Education

Retrospective

April 02, 2003 1 min read
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Twenty years ago ...

APRIL 6, 1983

  • One of the most hotly contested issues at the 80th annual meeting of the National Catholic Educational Association is a “pastoral letter” to Roman Catholics from the U.S. bishops on the moral and theological implications of nuclear war. The letter, which covers concepts such as “just war” and “limited nuclear war,” is intended to provide a “moral and religious” guide to choices on war and peace.
  • An 18-member advisory committee to the 19-campus California State University system recommends that the system—which is the nation’s leading producer of teachers—substantially tighten its standards for selecting and training teacher-candidates.
  • After angry protests by Hispanic parents, the Illinois state board of education approves new bilingual education rules that make such programs optional for all school districts, except Chicago. There, the mandate requiring a “transitional” bilingual education program in every school with at least 20 students with a common language other than Spanish would remain.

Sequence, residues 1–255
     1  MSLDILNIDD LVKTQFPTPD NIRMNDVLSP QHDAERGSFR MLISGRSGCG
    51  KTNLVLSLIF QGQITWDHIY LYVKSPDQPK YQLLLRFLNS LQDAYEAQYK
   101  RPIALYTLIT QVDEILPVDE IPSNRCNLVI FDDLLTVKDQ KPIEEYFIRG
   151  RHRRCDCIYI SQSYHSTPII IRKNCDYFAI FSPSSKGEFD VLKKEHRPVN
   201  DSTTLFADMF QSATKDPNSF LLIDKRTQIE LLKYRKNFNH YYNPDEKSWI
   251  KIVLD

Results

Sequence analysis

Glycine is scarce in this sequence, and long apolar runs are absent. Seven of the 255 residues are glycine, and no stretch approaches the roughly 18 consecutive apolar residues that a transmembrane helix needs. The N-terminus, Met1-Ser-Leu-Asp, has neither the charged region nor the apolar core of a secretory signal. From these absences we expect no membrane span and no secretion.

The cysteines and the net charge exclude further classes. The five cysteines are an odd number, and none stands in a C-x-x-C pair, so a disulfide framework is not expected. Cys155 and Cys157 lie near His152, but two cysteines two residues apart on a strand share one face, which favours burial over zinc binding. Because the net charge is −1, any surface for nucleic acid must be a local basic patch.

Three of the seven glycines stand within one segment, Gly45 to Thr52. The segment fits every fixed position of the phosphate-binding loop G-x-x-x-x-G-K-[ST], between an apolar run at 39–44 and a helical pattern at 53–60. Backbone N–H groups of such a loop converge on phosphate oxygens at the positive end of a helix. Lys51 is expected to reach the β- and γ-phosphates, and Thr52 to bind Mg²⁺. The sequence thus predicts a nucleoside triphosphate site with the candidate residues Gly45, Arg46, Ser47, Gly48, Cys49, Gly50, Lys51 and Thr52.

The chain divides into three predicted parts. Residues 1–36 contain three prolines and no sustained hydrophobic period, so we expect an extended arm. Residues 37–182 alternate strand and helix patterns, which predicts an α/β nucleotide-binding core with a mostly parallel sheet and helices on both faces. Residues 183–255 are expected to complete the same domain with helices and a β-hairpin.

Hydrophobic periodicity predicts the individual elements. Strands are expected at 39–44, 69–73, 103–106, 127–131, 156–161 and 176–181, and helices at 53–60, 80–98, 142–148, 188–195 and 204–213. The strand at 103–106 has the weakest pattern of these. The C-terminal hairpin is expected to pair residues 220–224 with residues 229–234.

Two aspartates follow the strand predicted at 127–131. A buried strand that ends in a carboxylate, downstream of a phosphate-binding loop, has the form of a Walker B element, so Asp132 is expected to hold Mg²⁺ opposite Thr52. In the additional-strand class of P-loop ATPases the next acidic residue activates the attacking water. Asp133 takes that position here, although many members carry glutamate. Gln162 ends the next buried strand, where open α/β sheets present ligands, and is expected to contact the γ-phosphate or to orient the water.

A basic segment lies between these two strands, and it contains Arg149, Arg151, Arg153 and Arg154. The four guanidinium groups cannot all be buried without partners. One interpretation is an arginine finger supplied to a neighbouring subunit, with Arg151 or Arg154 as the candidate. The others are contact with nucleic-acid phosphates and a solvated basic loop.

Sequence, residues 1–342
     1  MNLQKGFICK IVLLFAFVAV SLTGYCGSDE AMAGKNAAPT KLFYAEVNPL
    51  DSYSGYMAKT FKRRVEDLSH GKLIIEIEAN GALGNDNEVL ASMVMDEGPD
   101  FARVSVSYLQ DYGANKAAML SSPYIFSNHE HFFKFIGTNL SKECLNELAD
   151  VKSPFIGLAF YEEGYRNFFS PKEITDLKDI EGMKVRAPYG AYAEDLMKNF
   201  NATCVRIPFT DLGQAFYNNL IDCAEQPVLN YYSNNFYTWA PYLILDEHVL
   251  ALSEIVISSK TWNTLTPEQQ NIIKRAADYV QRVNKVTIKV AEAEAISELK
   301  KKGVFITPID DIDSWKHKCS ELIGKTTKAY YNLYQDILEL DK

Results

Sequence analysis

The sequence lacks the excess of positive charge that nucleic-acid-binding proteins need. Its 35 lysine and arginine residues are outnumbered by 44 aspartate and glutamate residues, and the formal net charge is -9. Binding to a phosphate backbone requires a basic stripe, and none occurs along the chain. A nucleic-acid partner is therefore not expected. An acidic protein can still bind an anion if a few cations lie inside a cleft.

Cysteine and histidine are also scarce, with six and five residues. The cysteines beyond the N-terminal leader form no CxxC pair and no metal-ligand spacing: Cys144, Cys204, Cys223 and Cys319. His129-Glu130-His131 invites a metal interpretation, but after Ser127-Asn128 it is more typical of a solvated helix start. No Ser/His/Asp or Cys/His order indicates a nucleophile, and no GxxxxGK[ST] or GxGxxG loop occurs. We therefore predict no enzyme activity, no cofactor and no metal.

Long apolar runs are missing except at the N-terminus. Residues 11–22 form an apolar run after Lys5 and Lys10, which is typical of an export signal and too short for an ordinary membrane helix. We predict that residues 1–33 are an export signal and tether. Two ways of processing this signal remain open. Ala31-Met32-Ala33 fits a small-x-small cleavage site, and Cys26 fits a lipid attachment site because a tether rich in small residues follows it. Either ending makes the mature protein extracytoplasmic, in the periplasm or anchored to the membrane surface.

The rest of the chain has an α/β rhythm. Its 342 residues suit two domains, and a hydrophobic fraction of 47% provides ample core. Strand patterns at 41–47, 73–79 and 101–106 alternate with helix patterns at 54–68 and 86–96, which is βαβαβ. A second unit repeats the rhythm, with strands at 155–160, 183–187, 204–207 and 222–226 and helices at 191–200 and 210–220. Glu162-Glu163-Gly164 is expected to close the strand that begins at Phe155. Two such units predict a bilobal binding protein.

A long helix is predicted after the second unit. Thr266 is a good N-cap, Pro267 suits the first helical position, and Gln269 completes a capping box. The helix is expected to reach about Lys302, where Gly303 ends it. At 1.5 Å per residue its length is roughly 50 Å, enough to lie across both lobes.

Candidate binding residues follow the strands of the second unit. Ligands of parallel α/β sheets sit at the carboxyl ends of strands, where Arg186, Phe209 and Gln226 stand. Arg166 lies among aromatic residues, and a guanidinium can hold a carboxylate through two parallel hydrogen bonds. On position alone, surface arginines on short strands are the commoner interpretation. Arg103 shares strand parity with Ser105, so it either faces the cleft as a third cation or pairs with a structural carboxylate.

10 years ago ...

APRIL 7, 1993

  • The Clinton administration is forced to delay the introduction of a bill to authorize national standards for student performance, after Democrats argue that the bill should include “opportunity to learn” standards designed to ensure every school has the capacity to bring all its students to higher achievement levels.
  • A proposal by New York state Commissioner of Education Thomas Sobol to make work experience a prerequisite for graduation is watered down by the state board of regents into a limited experiment involving six pilot projects, each to receive $125,000 from the state.
  • A study by two Western Carolina University professors concludes that Americans must change the way they view schooling if the country is to build a “world class” education system. The scholars contend that while other nations view education as a serious enterprise requiring hard work, Americans view learning as fun.

The full text of these stories is available online at www.edweek.org.

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